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Thursday, September 11, 2003

Improved HiveMind efficiency

I was thinking about interceptors in the shower this morning (best place to do serious thinking) and was also thiking about the performance results I got a little ways back. It seems like the big hit as the constant calling of interface methods instead of instance methods. It's well known that calling a method on an interface is much slower than calling a method on an object instance ... the JVM has to do a more expensive dynamic lookup and there are fewer options for optimizing the call.

One idea I had was to rework how interceptors work, so that all the interceptors would work together to make a single interceptor class. Didn't seem like the right approach, since it would be a lot of work, and I think it will be rare for a service to have more than two interceptors. Hard to test, hard to implement, no assurance of a return.

Next, I considered having each interceptor subclass from the previous; this would allow calls to use super.foo() rather than _inner.foo(), which would be more efficient (a super-class invocation rather than an interface invocation).

Then I realized that I always have the actual type and instance of each interceptor (or the core implementation) ... which means I can build interceptors in terms of concrete classes rather than interfaces.

To see if there was any benefit, I needed to test. I extended my test harness to add to new Adder services; the first is like the Singleton service, but has one NullInterceptor (this interceptor simply calls through to the next object). The second has two Interceptors. First run (JDK 1.4, Hotspot server) showed the cost of those interceptors:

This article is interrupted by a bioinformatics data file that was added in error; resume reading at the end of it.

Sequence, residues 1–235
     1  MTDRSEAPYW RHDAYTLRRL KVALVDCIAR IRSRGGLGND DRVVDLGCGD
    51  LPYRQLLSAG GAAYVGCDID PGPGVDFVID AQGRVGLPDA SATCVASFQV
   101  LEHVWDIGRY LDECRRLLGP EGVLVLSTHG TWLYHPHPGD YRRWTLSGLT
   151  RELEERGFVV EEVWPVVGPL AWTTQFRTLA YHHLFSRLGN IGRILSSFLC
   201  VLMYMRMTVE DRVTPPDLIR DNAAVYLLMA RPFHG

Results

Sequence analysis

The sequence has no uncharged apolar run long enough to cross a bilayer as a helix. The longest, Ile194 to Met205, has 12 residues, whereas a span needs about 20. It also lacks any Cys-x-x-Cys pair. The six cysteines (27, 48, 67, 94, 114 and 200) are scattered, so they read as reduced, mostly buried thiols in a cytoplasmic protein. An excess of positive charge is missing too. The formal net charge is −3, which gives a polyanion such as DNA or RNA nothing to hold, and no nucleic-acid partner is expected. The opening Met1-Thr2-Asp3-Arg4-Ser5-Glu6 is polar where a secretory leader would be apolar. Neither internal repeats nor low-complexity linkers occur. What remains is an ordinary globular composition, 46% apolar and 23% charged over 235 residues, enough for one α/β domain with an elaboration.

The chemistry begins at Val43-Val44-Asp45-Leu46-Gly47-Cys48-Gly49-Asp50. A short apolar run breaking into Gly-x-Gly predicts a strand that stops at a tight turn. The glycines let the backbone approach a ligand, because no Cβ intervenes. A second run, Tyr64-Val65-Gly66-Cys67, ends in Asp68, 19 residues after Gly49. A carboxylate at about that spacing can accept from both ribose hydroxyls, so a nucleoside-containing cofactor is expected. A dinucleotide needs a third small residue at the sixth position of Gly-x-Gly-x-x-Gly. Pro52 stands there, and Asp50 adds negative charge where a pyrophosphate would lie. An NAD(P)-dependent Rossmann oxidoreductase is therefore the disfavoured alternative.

Run Bean Interface SingletonDeferred ThreadedOne Interceptor Two Interceptors
Run #1 211 390 2183 2824 3185 2393 9174
Run #2 250 2343 2324 2864 3014 2434 9203
Run #3 240 2354 2323 2844 3054 2394 9253
Run #4 241 2333 2353 2824 3045 2403 9183
Run #5 231 2353 2333 2825 3064 2383 9194

Compare column "Singleton" to "One Interceptor" and "Two Interceptors". I don't exactly have a theory for why the difference between one and two interceptors is so large. Also, the value is red is not a mistake, we've seen it before ... that appears to be Hotspot making an early optimization when there is only a single implementation of the interface; later it must go back and rewrite things when new implementations show up and it can no longer be certain that interface test.Adder is always class test.impl.AdderImpl.

I then reworked the interceptor code to use the actual class to call the next inner-most (interceptor or implementation). This is possible because of the order of contstruction: the core implementation is constructed first, then the lowest order interceptor is wrapped around it, the the next lowest order interceptor, and so forth. This time there was a dramatic change:

Run Bean Interface SingletonDeferred ThreadedOne Interceptor Two Interceptors
Run #1 210 361 1993 2593 2925 2203 2233
Run #2 210 2153 2144 2613 2804 2194 2213
Run #3 220 2143 2153 2594 2784 2203 2203
Run #4 221 2143 2153 2583 2804 2194 2193
Run #5 220 2143 2153 2574 2814 2193 2213

And so we see the desired outcome; adding interceptors is now a small, incremental cost.

Why is this important? We often hear about the 80/20 rule, that 80% of the performance problems are in 20% of the code. My concern is that all the extra layers of interface invocations will become a visible factor, cumulatively ... but because all those calls are so completely, widely distributed, they will become impossible to track down. Sort of grit in the machinery ... no single, large point of failure, but a kind of overall friction in the works.

Given just how many iterations of my code loop I need to get measurable results (50,000,000), that's probably not a large concern ... still it's nice to claim I've optimized HiveMind for performance.

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